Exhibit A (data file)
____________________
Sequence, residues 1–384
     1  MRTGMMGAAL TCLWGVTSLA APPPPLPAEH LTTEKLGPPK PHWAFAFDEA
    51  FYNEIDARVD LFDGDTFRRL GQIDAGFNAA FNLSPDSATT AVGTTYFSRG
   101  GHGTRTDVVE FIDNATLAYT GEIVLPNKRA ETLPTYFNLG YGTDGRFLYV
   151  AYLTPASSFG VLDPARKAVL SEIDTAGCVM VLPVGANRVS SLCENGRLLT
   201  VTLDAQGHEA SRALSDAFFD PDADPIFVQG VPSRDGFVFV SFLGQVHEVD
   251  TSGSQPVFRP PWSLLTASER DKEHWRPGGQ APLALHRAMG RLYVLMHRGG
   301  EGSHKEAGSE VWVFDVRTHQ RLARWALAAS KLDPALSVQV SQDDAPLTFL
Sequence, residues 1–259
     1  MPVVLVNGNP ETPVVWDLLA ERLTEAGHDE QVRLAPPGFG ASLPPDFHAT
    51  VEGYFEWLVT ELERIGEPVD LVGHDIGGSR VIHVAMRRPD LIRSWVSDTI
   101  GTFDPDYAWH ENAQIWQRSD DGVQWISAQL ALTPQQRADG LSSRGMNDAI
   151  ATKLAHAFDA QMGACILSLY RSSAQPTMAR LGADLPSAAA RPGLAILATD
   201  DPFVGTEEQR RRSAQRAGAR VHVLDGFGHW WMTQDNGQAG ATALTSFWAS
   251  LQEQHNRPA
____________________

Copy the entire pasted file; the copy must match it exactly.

Sequence, residues 1–384
     1  MRTGMMGAAL TCLWGVTSLA APPPPLPAEH LTTEKLGPPK PHWAFAFDEA
    51  FYNEIDARVD LFDGDTFRRL GQIDAGFNAA FNLSPDSATT AVGTTYFSRG
   101  GHGTRTDVVE FIDNATLAYT GEIVLPNKRA ETLPTYFNLG YGTDGRFLYV
   151  AYLTPASSFG VLDPARKAVL SEIDTAGCVM VLPVGANRVS SLCENGRLLT
   201  VTLDAQGHEA SRALSDAFFD PDADPIFVQG VPSRDGFVFV SFLGQVHEVD
   251  TSGSQPVFRP PWSLLTASER DKEHWRPGGQ APLALHRAMG RLYVLMHRGG
   301  EGSHKEAGSE VWVFDVRTHQ RLARWALAAS KLDPALSVQV SQDDAPLTFL
Sequence, residues 1–259
     1  MPVVLVNGNP ETPVVWDLLA ERLTEAGHDE QVRLAPPGFG ASLPPDFHAT
    51  VEGYFEWLVT ELERIGEPVD LVGHDIGGSR VIHVAMRRPD LIRSWVSDTI
   101  GTFDPDYAWH ENAQIWQRSD DGVQWISAQL ALTPQQRADG LSSRGMNDAI
   151  ATKLAHAFDA QMGACILSLY RSSAQPTMAR LGADLPSAAA RPGLAILATD
   201  DPFVGTEEQR RRSAQRAGAR VHVLDGFGHW WMTQDNGQAG ATALTSFWAS
   251  LQEQHNRPA